Calculating Markup as a Component of Selling Price

A Simple Formula for Understanding Your Profit Margin

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Markup is the difference between the cost of a product or service, and its selling price, and is often expressed as a percentage. Markup represents the company's gross or profit margin, and thus it is critical to understand and consider all of the costs, material, labor, and overhead, direct and indirect. Markup is used by manufacturers, wholesalers, and retailers. Of course, the markup must be sufficient to keep your business profitable and realistic enough to open the door to increased sales and marketshare expansion.

Other Factors in Determining Markup

The acceptable range of markups are different from industry to industry and are based, in part, on what customers are willing to spend, which, in turn, is influenced by the industry and the pricing strategies of your competitors. For instance, small appliance manufacturers can sometimes assign markups of 30 percent or more, while clothing is often marked up by as much as 100 percent. Even within industries, markups vary. The automotive industry, for example, is usually limited to a 5-10 percent markup on most new cars, but sports utility vehicles may enjoy markups of 25 percent or more.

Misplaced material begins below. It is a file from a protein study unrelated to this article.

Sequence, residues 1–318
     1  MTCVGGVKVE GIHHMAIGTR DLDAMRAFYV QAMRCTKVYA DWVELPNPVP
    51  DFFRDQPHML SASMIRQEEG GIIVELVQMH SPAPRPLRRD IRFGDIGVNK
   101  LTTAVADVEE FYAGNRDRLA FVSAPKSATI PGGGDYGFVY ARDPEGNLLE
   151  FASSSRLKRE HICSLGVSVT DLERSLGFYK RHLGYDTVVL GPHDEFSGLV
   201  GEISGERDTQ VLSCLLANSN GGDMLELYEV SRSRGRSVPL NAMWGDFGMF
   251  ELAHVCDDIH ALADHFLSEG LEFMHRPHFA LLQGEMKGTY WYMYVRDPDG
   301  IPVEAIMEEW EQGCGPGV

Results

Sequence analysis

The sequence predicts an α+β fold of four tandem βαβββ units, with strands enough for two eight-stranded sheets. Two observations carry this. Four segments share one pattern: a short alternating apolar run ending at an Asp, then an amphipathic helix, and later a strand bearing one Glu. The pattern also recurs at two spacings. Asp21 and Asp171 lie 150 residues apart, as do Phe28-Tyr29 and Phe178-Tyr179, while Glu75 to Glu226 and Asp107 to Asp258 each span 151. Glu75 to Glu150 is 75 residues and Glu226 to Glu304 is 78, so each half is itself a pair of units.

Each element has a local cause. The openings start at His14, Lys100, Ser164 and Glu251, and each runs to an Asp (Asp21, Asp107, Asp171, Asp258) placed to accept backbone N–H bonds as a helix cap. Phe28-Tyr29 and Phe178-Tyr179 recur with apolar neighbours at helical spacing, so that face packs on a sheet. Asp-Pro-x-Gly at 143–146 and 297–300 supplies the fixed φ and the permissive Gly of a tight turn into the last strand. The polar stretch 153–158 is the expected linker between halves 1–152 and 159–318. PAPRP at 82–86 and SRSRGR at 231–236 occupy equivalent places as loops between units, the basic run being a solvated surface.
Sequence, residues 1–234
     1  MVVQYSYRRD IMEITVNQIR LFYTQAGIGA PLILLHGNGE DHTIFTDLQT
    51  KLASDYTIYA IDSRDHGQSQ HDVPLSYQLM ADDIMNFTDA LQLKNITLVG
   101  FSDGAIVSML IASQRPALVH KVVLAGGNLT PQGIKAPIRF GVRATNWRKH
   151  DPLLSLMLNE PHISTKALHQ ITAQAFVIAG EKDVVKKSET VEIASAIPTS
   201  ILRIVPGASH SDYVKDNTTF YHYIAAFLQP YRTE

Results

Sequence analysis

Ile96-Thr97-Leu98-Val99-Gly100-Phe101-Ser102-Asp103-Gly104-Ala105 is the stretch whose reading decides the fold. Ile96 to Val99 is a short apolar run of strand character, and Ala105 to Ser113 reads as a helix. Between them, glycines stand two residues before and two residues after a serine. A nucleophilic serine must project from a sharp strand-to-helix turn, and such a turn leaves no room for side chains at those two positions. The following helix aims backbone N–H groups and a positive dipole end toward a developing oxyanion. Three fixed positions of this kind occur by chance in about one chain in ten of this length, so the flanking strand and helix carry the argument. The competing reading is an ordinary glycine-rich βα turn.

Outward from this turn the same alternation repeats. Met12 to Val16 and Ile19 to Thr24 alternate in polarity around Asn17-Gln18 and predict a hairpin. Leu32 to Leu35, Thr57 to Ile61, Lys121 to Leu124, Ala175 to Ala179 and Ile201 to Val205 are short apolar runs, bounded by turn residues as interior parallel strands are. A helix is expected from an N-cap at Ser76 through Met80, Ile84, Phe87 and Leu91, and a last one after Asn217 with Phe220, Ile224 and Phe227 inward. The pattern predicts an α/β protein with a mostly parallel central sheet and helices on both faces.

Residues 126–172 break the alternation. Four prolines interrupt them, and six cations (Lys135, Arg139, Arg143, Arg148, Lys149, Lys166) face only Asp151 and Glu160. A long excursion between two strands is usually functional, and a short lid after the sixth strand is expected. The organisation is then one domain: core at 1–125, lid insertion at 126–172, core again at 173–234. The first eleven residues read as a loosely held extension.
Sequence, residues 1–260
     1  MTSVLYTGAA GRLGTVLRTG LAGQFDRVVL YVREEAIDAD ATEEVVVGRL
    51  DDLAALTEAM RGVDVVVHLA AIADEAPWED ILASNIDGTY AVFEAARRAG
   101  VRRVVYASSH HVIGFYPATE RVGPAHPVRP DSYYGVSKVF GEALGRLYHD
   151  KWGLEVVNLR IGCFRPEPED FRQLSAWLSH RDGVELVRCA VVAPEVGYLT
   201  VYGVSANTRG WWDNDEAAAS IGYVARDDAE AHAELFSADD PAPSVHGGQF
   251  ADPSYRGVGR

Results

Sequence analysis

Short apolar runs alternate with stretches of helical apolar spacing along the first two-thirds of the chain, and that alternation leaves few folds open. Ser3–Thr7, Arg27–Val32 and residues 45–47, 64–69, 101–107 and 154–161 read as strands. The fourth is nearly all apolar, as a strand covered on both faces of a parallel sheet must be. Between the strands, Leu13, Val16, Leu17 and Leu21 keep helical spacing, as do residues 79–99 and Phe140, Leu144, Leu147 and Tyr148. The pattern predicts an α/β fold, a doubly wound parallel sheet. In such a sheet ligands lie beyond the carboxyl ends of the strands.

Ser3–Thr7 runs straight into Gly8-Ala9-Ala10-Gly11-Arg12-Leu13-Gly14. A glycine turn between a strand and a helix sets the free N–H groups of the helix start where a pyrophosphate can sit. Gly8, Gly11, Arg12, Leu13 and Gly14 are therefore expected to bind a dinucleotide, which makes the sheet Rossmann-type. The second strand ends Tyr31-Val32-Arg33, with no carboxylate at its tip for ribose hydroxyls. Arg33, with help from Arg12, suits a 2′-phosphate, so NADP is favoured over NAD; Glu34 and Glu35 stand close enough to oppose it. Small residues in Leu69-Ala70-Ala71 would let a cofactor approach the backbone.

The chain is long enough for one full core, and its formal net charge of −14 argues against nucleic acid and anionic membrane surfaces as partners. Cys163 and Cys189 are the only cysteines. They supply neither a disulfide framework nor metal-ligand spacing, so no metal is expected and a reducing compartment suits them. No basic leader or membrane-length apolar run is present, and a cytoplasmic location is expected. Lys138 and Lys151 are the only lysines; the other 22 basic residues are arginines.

Anticipated sales volume is a factor in the markup. High volume goods can use a lower markup and still generate the required level of profit. Also, as volume increases, unit costs may come down. The strength of your brand is also a factor in the markup. A strong brand can command a higher price and a higher markup, even though the cost may be more substantial.

If you are starting a business, establishing markup is one of the most important parts of pricing strategy. Markups must be sizable enough to cover all anticipated business expenses and reductions (markdowns, stock shortages, employee and customer discounts) and still provide the business with a good profit.


Calculating the Dollar Markup as a Component of Selling Price

There are two steps in calculating markup as a component of the selling price. The first step is to calculate the dollar markup on the selling price. The second step is to use the information from Step One to calculate the percent markup on the selling price. The calculations follow:

If we have a product that costs $15 to buy and it cost $10 to make, how do we calculate the Dollar Markup on Selling Price? Selling Price = Cost + Markup.

You can switch around the equation to calculate markup - Markup = Selling Price - Cost where $15 - $10 = $5.

Calculating the Percent Markup as a Component of Selling Price

If we assume that selling price is 100%, we calculate what percentage of that 100% is the cost and the markup. The calculation would be Percent Markup on Selling Price = $5/$15 = 33.33%.